Completely waterproof and windproof, it also breathes with technology I don’t understand.
There are lighter waterproof jackets than this 11 ounces, but you’ll end up paying for it. I bought slightly large for layering.
SmartWool PhD Outdoor Ultra Light Mini Socks
One pair on my feet, one pair in my pack. That’s it. And a pair of thicker wool socks for sleeping. They can be worn multiple times without washing and dry fast.
They weigh a light 1.3 ounces. These socks aren’t cushioned and probably won’t work for you if you have a heavy pack or sensitive feet.
Odds & Ends
First aid kit
I’ve stopped carrying a gigantic surgery-room-in-a-bag and now carry the Adventure Medical Kit Ultralight .5. Lightweight (just under 4 ounces) and in a waterproof bag. It’s advertised to use for a “2-day trip”, but you really have to be a klutz to use everything in this kit in 2 days. I throw in a few extra bandaids and that’s it. I can improvise with my bandana/keffiyeh if I need to.
But having Wilderness First Responder training also helps me feel comfortable with a small kit.
I use the Black Diamond Storm. With the batteries it weighs 3.7 ounces and it has all the features I need – waterproof, dimmable white light capable of throwing light 70 yards, a red mode you can get to without going through white first, and a lockout so it won’t turn on in your pack.
And What I’m Wearing
A floppy hat that will protect your nose, neck, and ears, with a quickly drying, sunproof fabric. That Sierra sun is deadly (look at my moles if you don’t believe me). The Columbia Bora Bora Booney is a time-tested one. I also keep a thin wool hat in my pack.
One of the two Montbell wool shirts I carry; see above section.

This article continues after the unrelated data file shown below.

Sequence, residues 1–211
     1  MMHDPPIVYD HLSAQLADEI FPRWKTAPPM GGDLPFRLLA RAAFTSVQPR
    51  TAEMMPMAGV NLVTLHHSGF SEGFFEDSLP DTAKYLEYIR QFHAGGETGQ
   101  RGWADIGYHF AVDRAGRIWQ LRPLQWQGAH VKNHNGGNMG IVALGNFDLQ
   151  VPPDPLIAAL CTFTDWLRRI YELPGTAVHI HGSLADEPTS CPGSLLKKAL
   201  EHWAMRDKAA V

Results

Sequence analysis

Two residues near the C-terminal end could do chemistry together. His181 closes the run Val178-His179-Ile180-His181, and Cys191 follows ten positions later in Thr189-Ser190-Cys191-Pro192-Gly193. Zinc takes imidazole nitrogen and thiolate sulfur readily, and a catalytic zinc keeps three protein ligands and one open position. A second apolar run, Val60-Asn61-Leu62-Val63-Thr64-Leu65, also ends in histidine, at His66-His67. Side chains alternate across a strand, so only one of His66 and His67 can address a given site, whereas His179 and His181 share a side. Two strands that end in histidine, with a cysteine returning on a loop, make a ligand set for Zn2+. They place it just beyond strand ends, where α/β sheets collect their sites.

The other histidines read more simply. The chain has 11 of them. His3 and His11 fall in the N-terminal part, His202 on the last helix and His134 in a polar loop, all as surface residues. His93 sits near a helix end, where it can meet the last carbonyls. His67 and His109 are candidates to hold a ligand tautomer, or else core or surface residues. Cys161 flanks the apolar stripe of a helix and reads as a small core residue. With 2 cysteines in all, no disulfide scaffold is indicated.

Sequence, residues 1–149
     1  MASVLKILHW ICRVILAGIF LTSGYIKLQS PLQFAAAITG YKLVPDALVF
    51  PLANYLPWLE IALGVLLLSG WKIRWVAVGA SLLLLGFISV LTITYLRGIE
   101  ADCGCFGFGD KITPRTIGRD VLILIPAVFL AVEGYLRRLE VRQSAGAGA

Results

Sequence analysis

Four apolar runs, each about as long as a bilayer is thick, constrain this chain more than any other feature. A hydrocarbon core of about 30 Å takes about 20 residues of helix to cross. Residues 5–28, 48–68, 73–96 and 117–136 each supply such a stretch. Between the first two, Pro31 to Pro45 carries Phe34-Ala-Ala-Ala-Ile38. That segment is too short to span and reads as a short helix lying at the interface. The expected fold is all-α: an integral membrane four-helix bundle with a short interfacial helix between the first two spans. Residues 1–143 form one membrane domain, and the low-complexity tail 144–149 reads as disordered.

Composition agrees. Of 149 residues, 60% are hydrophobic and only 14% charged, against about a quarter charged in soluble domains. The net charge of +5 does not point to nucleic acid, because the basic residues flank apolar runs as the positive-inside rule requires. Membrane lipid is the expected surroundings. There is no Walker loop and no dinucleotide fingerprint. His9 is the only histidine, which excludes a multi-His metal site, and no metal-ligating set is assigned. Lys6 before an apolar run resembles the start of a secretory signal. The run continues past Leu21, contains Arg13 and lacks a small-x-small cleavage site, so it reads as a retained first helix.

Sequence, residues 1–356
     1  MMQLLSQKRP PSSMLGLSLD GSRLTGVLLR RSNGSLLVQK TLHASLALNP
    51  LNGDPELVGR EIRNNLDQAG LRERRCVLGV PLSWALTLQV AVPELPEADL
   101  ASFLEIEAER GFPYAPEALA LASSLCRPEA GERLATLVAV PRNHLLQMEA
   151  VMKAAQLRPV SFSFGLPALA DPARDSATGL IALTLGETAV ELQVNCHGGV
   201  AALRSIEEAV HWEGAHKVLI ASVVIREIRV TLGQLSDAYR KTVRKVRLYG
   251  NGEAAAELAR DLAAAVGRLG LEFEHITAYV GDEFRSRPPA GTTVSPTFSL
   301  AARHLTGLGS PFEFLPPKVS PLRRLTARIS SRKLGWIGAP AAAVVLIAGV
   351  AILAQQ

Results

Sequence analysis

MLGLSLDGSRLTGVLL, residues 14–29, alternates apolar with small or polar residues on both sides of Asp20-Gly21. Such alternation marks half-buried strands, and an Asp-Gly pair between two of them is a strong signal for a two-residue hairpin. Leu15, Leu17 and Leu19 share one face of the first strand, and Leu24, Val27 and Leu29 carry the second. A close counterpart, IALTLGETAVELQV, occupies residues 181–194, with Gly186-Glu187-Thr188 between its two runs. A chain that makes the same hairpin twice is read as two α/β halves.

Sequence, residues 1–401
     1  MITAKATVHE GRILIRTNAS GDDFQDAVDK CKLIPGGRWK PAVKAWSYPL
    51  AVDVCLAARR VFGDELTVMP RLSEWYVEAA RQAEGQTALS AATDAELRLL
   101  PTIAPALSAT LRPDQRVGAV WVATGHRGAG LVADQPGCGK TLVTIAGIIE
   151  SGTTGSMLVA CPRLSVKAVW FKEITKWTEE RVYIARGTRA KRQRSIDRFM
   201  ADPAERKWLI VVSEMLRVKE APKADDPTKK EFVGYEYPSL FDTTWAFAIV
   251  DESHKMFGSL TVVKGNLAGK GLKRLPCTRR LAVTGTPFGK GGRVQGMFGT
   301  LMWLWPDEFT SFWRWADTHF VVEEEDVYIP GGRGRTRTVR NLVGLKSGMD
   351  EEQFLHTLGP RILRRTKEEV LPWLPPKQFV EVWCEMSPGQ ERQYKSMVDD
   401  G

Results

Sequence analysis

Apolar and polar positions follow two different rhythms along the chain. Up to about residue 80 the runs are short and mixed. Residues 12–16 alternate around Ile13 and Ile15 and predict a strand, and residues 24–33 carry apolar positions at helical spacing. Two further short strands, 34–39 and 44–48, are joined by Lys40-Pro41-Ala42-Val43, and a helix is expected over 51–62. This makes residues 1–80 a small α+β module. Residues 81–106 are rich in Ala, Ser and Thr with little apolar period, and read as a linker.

Lots of options here, but I prefer a lightweight, full-length nylon pant. I’ll wear long underwear underneath if I need extra warmth.
One of the two total pairs I carry; see above section.
Probably one of the most religious aspects of backpacking gear. Reducing my pack load allowed me to go with some lightweight hiking shoes, and WOW. Each shoe is only about a half-pound less than traditional leather hiking boots, but it makes a huge difference I can definitely feel – especially at the end of a long day.
The North Face Hedgehog Fastpack GTX shoes are waterproof with Gore-Tex membranes and durable Vibram soles. These shoes, combined with the light wool socks, eliminate the need for waders – I can ford through a river and keep on going. They’ll dry after a couple miles. They’re low-cut, so they’re not the best option if you have weak ankles but you can still get some lightweight hikers with ankle support.
Again – one of the two total pairs I carry. See above section.
After carrying a big fancy 8-ounce Leatherman forever, it dawned on me that the only part of it I ever used was the blade. So now I just carry a small folding knife clipped into my pocket.
Something “cheap” and with a serrated edge like the Gerber Evo Mid Tanto.
A map is always in my pocket and trekking poles are carried unless I really don’t need them, then they’re strapped to the pack. I bring snow baskets if I’m expecting to run into snow. Poles aren’t very efficient in the snow without them.
All other times I keep rubber tips on them, not really to protect the steel tips but to protect the rocks and avoid putting scratch marks everywhere I go. They also provide some traction on rock.
This is just how I do it. I’m not saying it’s the best way but it’s what I’ve come to enjoy myself with.
Some people prefer to be comfortable at camp with chairs and camp shoes and so on, but that makes them uncomfortable on the trail (carrying so much stuff). I’d rather be comfortable on the trail during the hard part and then rough it at camp (but it’s not even that bad).